Histomat: Adventures in Historical Materialism

'Historical materialism is the theory of the proletarian revolution.' Georg Lukács

Tuesday, October 18, 2005

DKW: John and the Great Charter

King John died on this day in 1216, which I reckon makes this the 789th anniversary of his death.

There is quite a lot one could say about King John, but I want to focus on the time he attempted to break out of the feudal contract that previously existed, before being forced by the barons to sign Magna Carta in 1215. The Magna Carta did not make England into a democratic country - far from it. As A.L. Morton noted in A People's History of England:

'it was not a constitutional document. It did not embody the principle of no taxation without representation. It did not guarantee parliamentary government, since Parliament did not then exist. It did not establish the right to trial by jury, since, in fact, the jury was a piece of royal machinery to which the barons had the strongest objections...while its most famous clause declared that "No freeman shall be taken or imprisoned or dissesised or exiled or in any way destroyed, nor will we go upon him or send upon him except by the lawful judgement of his peers and the law of the land", the second word excluded from any possible benefit the overwhelming mass of the people who were still in villeinage.'

However, that said, what it did do was 'to set out in detail the ways in which John had gone beyond his rights as a feudal overlord and to demand that his unlawful practises should stop. It marked the alliance between the barons and the citizens of London by insisting on the rights of merchants from arbitrary taxation'. The establishment of a permanent committee of barons to hold the King to account was the 'greatest victory' of the barons but it only came 'at the price of acting in a way which was not strictly feudal, of forming new kinds of combinations both among themselves and with other classes'.

Moreover, rather than Magna Carta passing down the generations of concerned English democrats, 'as feudalism declined it ceased to have any clear practical application and passed out of memory. The Tudor bourgeoisie were too closely allied to the monarchy to wish to place any check upon it, while the power of the nobles was broken in the Wars of the Roses. Shakespeare, writing his play King John, never mentions Magna Carta and quite possibly had never heard of it.' Only later was it dressed up and misinterpreted and seen as some great founding document of Democracy - before it was critically reinterpreted again as a document of feudalism.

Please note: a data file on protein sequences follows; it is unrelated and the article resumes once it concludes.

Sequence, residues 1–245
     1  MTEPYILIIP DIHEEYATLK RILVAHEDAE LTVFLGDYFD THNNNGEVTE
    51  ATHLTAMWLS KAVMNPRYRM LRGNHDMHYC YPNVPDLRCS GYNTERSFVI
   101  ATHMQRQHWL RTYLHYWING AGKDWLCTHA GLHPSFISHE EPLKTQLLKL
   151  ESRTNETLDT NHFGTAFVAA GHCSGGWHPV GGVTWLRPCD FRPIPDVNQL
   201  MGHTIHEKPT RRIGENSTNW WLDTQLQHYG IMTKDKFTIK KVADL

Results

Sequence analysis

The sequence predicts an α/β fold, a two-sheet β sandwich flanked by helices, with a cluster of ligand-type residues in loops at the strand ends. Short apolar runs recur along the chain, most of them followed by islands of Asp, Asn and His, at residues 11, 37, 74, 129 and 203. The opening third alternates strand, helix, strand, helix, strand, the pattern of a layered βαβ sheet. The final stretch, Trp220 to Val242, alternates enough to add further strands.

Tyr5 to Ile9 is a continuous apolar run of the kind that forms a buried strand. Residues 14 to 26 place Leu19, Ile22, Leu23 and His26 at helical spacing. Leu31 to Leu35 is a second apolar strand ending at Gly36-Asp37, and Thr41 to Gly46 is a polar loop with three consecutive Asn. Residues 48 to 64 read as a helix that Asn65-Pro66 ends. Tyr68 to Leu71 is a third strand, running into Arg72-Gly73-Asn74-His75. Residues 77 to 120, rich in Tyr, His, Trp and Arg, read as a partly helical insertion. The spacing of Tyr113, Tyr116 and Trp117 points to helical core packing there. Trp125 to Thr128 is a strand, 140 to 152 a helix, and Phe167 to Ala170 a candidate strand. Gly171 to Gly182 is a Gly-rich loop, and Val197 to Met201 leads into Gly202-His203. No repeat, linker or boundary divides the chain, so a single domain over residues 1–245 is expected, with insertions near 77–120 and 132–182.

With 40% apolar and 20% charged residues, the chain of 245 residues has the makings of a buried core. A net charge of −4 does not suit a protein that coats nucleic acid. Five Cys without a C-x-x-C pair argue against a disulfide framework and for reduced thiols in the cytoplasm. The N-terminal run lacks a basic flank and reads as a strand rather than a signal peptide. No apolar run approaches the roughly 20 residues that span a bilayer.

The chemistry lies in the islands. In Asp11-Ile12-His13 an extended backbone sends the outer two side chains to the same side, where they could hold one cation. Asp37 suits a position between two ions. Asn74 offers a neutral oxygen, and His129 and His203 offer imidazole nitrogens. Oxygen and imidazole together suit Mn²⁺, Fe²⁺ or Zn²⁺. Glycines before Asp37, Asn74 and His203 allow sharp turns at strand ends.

Yet why does this matter? Apparently there are some in the anti-capitalist movement today who manage to see the Charter as particularly inspiring. As Alex Callinicos reported, in 2004, Michael Hardt and Toni Negri, authors of Empire, one of the most influential texts of the anti-capitalist movement, called for "a new global Magna Carta" to reign back US Power. In an article published in the journal of the big business World Economic Forum, they argued that the US, as the "global monarch", should "abandon a strictly unilateralist position and collaborate actively with the aristocracy". By this they mean "the multinational corporations, the supranational institutions and the other dominant nation-states".